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A New Kind of Teacher


New kind of teacher prep aimed at 'burnout' in Cobb Schools

The Atlanta Journal-Constitution
By Ty Tagami

Osborne High led Cobb County Schools last year in an undesirable index: Nearly a third of the teachers quit.

Cobb officials say they hope a three-year-old partnership with Kennesaw State University will better equip a new generation of teachers for the challenging environment of an "urban, high-needs" school like Osborne, reducing teacher turnover and improving test scores.

"Burnout" is not uncommon with new teachers, and a particular problem at schools like Osborne, where the students come from low-income families and tend to be transient.

After a year of planning, Kennesaw State last year sent the first crop of handpicked education students into Osborne High and its feeders. All 30 have been learning what it takes to survive and, hopefully, thrive in such a school.

Osborne Principal Joshua Morreale said he'll hire as many as he can. "They have all impressed me," he said.

Hopefully, he said, they'll be equipped to get through the first three years, when many new teachers become demoralized. "That’s when burnout happens, or a career change, because they just don’t like the job," he said.

Teaching at schools like the Osborne cluster can be tough. Four out of five students are on the free and reduced lunch program. Some students switch schools three times a year. Two years ago, the student transfer rate at Osborne High reached 65 percent, meaning that only a third started and finished the school year there, said Dale Gaddis, the area assistant superintendent.

The school had a 29.7 percent teacher turnover rate last year, Gaddis said. The combined teacher turnover rate with its feeder schools -- Smitha Middle and Hollydale, Milford, Birney, LaBelle and Fair Oaks elementaries -- averaged 16.1 percent over the past two years, compared with an 11.1 percent average countywide.

"You can see why we want to do this," Gaddis said.

Daniel Keiger, 21, a senior at KSU, is among the first group graduating in May and has been teaching with a mentor at Osborne High since last year. On Wednesday morning, he was leading Andy Marzka's algebra class of 15 students.

Keiger did most of the talking, but Marzka would chime in occasionally. While the students were at work on a problem, Raegean Smith, a 15-year-old freshman in purple sweats, raised her hand. Keiger went to her and she whispered something inaudible. "Fractions are OK," he told her.

Later, Marzka said he envied the kind of preparation Keiger was getting. Marzka had just one semester of student teaching by the time he graduated from the University of Georgia. For him, it was sink or swim the first day he stood before the kids, and he sank. "My mentor teacher had to come in and reteach the entire lesson," he said.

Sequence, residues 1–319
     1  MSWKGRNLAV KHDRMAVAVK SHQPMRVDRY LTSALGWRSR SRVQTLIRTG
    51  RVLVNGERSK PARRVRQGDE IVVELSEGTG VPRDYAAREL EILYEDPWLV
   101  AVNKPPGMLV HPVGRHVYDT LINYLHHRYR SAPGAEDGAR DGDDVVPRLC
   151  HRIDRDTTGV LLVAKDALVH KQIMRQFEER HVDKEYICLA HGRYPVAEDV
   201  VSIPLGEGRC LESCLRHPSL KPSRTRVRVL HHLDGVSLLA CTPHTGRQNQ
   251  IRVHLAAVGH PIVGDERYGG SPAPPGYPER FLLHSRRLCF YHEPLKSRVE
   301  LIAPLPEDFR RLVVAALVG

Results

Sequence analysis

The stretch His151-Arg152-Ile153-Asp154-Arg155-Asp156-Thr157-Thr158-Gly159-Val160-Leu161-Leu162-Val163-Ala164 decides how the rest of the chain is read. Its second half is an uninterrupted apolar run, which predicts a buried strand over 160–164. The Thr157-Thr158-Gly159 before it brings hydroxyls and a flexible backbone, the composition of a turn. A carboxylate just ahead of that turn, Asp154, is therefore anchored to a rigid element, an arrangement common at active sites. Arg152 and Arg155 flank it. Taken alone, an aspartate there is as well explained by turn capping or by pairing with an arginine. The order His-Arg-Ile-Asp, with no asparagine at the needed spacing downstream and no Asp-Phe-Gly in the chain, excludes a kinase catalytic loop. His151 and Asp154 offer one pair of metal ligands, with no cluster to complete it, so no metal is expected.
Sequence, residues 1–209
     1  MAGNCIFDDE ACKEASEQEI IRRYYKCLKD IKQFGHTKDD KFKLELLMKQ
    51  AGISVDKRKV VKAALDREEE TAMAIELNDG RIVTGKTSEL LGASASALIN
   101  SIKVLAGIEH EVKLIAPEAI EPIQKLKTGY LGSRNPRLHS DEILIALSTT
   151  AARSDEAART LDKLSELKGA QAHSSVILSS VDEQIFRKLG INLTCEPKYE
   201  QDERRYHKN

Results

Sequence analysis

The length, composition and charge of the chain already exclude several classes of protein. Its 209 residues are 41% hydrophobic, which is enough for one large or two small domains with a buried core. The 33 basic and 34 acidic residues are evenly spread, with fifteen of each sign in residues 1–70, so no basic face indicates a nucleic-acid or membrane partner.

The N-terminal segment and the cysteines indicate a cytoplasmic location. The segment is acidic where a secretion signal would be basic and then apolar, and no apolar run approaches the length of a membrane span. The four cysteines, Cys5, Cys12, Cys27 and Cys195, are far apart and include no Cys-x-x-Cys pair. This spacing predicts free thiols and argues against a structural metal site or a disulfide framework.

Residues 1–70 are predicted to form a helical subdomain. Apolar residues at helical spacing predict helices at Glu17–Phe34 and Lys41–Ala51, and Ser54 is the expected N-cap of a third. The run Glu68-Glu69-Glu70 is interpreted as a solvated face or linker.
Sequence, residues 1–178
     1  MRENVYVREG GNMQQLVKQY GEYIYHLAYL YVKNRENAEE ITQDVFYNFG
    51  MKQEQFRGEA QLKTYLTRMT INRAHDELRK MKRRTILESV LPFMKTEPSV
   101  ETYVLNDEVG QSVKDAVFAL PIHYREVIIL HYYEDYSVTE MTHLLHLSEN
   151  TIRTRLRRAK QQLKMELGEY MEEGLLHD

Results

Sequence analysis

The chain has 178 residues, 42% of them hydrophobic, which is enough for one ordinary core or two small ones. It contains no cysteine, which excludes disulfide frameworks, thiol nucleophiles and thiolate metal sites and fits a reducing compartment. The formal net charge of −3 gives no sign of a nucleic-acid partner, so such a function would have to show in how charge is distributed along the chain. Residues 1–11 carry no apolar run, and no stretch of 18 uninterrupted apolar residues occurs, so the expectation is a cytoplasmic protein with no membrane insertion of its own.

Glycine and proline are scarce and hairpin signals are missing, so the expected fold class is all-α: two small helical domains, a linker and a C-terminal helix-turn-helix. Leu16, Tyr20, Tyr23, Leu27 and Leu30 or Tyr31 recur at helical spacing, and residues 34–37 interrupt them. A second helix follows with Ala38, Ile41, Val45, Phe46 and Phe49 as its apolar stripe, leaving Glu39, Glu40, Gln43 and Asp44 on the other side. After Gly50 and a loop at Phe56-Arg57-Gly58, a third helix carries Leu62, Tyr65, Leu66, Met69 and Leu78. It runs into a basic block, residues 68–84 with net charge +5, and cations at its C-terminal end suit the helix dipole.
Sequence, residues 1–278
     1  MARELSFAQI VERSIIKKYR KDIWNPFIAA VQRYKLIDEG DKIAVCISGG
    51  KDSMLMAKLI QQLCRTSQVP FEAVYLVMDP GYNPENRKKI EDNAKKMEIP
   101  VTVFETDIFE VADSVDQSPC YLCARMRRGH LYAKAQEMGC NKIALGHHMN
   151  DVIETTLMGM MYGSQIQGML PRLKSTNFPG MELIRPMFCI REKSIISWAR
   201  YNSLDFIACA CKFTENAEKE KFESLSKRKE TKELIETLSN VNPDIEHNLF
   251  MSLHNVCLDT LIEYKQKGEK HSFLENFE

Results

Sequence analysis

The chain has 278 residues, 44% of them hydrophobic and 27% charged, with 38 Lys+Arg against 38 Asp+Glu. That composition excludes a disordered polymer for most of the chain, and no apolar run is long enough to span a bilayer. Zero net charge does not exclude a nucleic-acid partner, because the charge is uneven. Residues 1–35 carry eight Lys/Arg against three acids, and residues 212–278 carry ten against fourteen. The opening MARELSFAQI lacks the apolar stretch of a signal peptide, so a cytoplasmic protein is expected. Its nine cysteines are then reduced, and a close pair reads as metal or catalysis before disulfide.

Keiger, by contrast, has been eased into it. Last year, he mostly watched at Osborne and Smitha.

He glided through his first lesson in part because Marzka had talked him through it step by step. Soon he was confident enough to experiment. He'd gotten to know the students, been to their ball games and knew they liked sports. So, he thought, if I want to teach about parabolas, why not describe it with the arc of a ball flying through the air?

That got their attention and interest, Keiger said. A similar experiment with a music analogy flew over the kids' heads, he said, but at least he had the opportunity to try it out.

Raegean, the girl in the purple sweats, said she likes the way Keiger teaches. "He always tries to make things more fun," she said, adding that the student teacher also had become less shy.

Joey Richard, 30, is among the nontraditional students in the KSU program. She studied business, then worked as a nanny before deciding she wanted to be a teacher.

Her mentor, English teacher Sherrye Tillman, has taught her how to connect the subject matter to the students’ lives. Recently, for a unit on "Macbeth," they pulled clips from a contemporary teen flick, “Mean Girls," to demonstrate themes such as trust and deception present in the play.

Tillman said her own first teaching experiences were rough by comparison. “My cooperating teacher left the room. I was there to fend for myself.” The result: She wasn’t sure she’d stick with teaching. “Those first couple years, there was a question in the back of my mind: Do you really want to do this?”

The KSU effort got off the ground with an $8.9 million Teacher Quality Partnership grant. It expires in two years, but Cobb officials want to continue the program in perpetuity.

Connie Jackson, president of the Cobb County Association of Educators, said the program has promise.

"Those are going to be seriously prepared teachers," she said. They'll come out of KSU "excited and idealistic, but tinged with reality."

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